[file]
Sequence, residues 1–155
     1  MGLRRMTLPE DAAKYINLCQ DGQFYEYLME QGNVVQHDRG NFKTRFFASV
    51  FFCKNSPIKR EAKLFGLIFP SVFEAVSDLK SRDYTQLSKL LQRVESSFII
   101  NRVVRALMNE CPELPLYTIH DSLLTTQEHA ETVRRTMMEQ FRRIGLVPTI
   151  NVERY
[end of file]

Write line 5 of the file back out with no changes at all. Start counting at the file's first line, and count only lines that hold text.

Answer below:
   151  NVERY